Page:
Boards of Directors Modernization Act

An Act to modernize the composition of the boards of directors of certain corporations, financial institutions and parent Crown corporations, and in particular to ensure the balanced representation of women and men on those boards

This bill was last introduced in the 42nd Parliament, 1st Session, which ended in September 2019.


Dead, as of Oct. 25, 2016
(This bill did not become law.)


This is from the published bill. The Library of Parliament often publishes better independent summaries.

This enactment requires the following corporations to ensure that the proportion of directors of each sex on their board of directors is not less than 40 per cent and that shareholders may vote against a candidate for a director’s position:

(a) a distributing corporation within the meaning of the Canada Business Corporations Act, any of the issued securities of which remain outstanding and are held by more than one person;

(b) a bank that is listed in Schedule I to the Bank Act;

(c) a cooperative credit association regulated by the Cooperative Credit Associations Act;

(d) a distributing company regulated by the Insurance Companies Act;

(e) a distributing company regulated by the Trust and Loan Companies Act; and

(f) any other federally regulated, publicly traded corporation.

The parent Crown corporations listed in Schedule III to the Financial Administration Act are subject to the same obligations as incorporated companies, except with regard to the right to vote against a candidate for a director’s position.

The enactment provides that the obligation relating to the balanced representation of each sex takes effect incrementally, at the end of three-year and six-year periods. If the new obligation entails changes to a company’s by-laws or incorporating instrument, then the three-year deadline may be extended by one year.

In order to enforce compliance with these obligations, the enactment invalidates elections held or appointments made in violation of its provisions and makes compliance a condition for the issuance of a certificate or letters patent or for the exercise of the powers necessary for the implementation of certain processes or certain proposals or amendments.


All sorts of information on this bill is available at LEGISinfo, provided by the Library of Parliament. You can also read the full text of the bill.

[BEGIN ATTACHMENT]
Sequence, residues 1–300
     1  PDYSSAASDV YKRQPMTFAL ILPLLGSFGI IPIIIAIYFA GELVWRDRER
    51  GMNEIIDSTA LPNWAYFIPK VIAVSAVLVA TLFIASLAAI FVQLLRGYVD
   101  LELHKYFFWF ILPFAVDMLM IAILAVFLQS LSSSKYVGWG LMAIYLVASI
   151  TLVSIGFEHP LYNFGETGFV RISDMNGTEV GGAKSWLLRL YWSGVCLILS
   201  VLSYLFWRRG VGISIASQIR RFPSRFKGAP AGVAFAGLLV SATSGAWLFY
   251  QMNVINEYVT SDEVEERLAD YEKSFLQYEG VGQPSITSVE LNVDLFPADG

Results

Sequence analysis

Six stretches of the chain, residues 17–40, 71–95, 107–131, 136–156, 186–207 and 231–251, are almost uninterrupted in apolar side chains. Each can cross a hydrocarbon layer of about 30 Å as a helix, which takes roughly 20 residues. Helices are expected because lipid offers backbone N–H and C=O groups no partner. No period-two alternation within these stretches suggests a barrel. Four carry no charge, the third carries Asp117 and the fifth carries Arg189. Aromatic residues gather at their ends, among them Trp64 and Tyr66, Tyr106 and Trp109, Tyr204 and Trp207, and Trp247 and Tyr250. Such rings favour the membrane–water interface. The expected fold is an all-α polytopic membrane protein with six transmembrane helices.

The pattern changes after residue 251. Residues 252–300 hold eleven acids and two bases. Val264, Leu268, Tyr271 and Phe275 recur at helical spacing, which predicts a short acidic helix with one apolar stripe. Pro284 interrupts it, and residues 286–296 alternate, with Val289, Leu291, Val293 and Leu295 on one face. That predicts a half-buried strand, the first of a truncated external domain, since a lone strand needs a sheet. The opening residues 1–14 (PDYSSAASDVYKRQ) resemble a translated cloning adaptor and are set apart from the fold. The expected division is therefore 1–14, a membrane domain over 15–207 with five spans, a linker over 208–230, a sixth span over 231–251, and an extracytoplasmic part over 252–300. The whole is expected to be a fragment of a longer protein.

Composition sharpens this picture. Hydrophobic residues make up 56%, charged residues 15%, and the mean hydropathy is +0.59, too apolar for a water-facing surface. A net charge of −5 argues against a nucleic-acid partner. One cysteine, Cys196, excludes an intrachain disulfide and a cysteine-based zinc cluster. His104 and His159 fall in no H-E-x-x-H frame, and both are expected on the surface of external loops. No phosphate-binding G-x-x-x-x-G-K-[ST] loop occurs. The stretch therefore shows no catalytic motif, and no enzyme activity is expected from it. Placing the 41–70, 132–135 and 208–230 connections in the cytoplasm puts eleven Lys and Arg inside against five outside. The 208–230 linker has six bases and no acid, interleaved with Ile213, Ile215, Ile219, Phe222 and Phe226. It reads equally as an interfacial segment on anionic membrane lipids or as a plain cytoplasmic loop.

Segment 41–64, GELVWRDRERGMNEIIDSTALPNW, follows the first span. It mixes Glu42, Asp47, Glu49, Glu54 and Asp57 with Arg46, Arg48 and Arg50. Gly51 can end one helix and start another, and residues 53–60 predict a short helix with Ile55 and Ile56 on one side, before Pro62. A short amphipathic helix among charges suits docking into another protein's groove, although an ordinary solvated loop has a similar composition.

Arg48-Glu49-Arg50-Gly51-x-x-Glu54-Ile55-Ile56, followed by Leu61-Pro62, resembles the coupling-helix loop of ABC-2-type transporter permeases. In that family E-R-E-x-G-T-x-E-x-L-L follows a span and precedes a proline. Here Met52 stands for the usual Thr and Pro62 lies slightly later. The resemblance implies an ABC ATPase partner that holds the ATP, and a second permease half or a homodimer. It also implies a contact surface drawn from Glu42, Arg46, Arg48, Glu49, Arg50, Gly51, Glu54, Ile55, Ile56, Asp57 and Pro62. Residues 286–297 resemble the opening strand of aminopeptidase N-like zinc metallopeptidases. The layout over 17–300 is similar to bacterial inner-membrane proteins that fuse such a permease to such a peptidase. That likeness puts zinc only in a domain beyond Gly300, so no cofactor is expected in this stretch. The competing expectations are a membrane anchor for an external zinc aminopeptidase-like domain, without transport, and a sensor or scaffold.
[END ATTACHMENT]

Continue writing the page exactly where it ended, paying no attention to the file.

Canada Business Corporations ActGovernment Orders

November 25th, 2016 / 1:10 p.m.
See context


Sheila Malcolmson NDP Nanaimo—Ladysmith, BC

Mr. Speaker, I will start by indicating that I will be splitting my time with my colleague, the member for Regina—Lewvan.

We just went through an American election that disparaged women's leadership. I would like to see Canada and all Canadian parliamentarians send a strong message about the important role of women in leadership.

Last week I was really proud when the New Democratic caucus arranged an all-women's question period lineup the first day after the U.S. election. We wanted to promote women in politics and make sure that we were showing that women who are elected take their voice and are given a voice and fight back against the sexist notions we heard throughout the U.S. election.

Women are still under-represented within our country's decision-making bodies in every area. We have a lot of work to do in that regard.

Talking today about board of director appointments, only 27% of members of boards of directors of crown corporations, agencies, and commissions across our country are women. Those are appointments the federal government has an exclusive responsibility to make, and it is not providing appointments to those boards of directors that actually reflect the diversity and gender makeup of our country.

New Democrats are proposing concrete action to ensure the equality of men and women in many areas, but in this case on crown corporation and federal commission boards. My private member's bill, Bill C-220, is an act to amend the Financial Administration Act with respect to balanced representation. It aims for gender parity in crown corporation and federal commission appointments within six years of its adoption.

This bill has been introduced by a number of New Democrat members of Parliament over the years, such as the member for London—Fanshawe, and most recently, former MP Anne-Marie Day. It was defeated by the Conservatives but supported by both the Liberals and New Democrats when it was debated and voted on in 2014.

When we have appointed women to crown agencies, we have had some great successes. Last night we were meeting with the board of directors of VIA Rail, which has gender parity on its board. Its chair is a woman who is a fantastic proponent of this very important public service. Very recently, in my own community in Nanaimo, Erralyn Thomas was appointed to a local government commission, the Nanaimo Economic Development Corporation. Erralyn Thomas is an elected Snuneymuxw First Nation councillor. I am very glad to see her take that leadership role in my community.

The Nanaimo Port Authority has a majority of female board members. I love telling the story of how this happened, because it is a bit outside the norm. We have the Laurentian Pilotage Authority, which I believe has zero women. That is another federal agency. However, the Nanaimo Port Authority has a majority of women.